There has been a sharp rise in knee osteoarthritis in younger patients. During the 1990s, the average age of patients diagnosed with knee osteoarthritis was 72-years-old. In 2016, over half of patients were less than 65-years-old (Deshpande et al 2016). With the sharp rise in knee osteoarthritis in younger patients a different approach and new management strategies are needed.
“How long does a knee replacement lasts” is a frequently question we get in clinic. Unfortunately, it’s difficult to predict how long a joint replacement will last.
The goal of a total knee replacement surgery is to provide long-term relief from knee pain, but knee replacements can fail for a variety of reasons. Given enough time all knee replacements will fail and need revision surgery. Younger patients tend to be more active and put more stress on joint replacements. For these reasons, some surgeons advise younger patients to put off surgery for as long as possible.
In one large study with over 63,000 patients, age did influence the need for revision surgery. In patients over 70-years-old, the lifetime risk of having a second operation was about 5%. This risk was much greater in younger individuals. In this study, 35% of men in their early 50s required a second operation (Bayliss et al 2017).
Patient's satisfaction with a knee replacement varies across studies, but in general one in five patients are dissatisfied after total knee replacement (Beswick et al 2012; Bert et al 2018). In general, the longevity of a total knee replacements is greater than 10 years. In one review and meta-analysis one patient in every 25 (3.9%) required a revision surgery within 10-years of a total knee replacement. Approximately one patient in every 10 (10.3%) required a revision surgery within 20-years of the knee replacement (Bayliss et al 2017), but not all patients with complications opted for a revision surgery.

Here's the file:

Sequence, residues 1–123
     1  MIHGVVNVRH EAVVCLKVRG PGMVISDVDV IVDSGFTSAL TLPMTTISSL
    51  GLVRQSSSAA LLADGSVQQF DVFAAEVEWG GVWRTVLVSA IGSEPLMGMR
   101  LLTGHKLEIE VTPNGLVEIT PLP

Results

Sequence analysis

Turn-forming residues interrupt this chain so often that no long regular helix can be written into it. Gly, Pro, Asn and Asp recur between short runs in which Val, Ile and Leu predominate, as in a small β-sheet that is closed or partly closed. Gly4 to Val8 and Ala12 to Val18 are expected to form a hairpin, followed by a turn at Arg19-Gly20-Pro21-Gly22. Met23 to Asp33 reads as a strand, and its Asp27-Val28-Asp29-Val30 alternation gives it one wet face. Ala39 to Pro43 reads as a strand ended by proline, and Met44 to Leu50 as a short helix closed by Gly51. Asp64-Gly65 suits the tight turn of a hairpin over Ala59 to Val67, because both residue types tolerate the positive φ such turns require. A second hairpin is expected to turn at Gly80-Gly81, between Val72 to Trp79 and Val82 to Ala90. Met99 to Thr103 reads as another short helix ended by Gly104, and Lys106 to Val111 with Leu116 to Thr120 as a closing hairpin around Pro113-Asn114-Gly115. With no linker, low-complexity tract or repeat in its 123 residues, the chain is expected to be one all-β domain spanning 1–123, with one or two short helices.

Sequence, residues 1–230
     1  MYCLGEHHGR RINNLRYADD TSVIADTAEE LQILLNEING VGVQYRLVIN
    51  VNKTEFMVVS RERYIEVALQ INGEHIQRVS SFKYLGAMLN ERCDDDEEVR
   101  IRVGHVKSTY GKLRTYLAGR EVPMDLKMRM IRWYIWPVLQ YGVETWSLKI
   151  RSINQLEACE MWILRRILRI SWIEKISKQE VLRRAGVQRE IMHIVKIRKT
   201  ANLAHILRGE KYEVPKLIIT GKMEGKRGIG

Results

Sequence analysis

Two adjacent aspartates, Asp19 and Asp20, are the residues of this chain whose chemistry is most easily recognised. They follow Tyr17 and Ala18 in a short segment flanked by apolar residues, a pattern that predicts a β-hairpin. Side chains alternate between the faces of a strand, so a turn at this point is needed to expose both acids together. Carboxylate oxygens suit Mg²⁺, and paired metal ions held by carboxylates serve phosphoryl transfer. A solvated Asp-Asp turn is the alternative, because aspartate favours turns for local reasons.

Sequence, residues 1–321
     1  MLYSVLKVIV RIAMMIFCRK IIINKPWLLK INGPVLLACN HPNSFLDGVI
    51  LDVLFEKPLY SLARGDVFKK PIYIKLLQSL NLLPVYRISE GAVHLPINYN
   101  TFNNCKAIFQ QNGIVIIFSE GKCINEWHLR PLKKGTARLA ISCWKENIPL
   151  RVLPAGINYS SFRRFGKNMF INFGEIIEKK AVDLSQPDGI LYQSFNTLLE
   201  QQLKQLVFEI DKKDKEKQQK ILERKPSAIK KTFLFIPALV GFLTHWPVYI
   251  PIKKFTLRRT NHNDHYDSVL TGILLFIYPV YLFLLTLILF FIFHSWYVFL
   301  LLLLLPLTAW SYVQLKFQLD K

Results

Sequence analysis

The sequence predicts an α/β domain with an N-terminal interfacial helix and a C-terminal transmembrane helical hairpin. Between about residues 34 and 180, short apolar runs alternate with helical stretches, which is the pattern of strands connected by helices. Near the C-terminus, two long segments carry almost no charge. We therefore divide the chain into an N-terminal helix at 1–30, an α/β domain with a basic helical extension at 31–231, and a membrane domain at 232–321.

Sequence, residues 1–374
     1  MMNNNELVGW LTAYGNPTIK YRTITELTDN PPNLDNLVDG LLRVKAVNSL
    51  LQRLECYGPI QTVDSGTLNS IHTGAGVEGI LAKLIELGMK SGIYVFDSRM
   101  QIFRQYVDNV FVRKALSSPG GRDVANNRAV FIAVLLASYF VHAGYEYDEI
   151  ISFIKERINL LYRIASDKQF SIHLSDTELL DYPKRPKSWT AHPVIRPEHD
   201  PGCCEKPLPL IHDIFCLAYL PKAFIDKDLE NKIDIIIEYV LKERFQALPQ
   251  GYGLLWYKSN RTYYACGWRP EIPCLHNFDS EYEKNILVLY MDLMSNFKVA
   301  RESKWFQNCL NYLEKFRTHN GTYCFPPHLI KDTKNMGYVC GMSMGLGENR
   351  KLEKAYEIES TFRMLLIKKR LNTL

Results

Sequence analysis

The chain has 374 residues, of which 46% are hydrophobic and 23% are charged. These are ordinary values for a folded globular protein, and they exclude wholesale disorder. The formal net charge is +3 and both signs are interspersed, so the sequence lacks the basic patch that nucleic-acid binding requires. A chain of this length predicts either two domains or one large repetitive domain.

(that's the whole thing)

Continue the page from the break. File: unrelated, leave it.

Age influences the need for revision surgery
The need for revision surgeries is projected to grow with younger age of diagnosis and dissatisfaction rates, and points to the need for alternative therapy and management.
When a hip or knee joint is “worn out” and conservative treatments such as medications or steroid injections aren’t helping there aren’t many good options. At this stage patients are typically offered a total knee replacement.
Not all patients with advanced knee osteoarthritis are candidates for a total knee replacement. Other patients may prefer to delay or avoid surgery altogether.
In these cases, we typically offer patients platelet rich plasma (PRP), stem cell (BMAC), or hyaluronic acid (HA)/viscosupplementation injections to postpone a total knee arthroplasty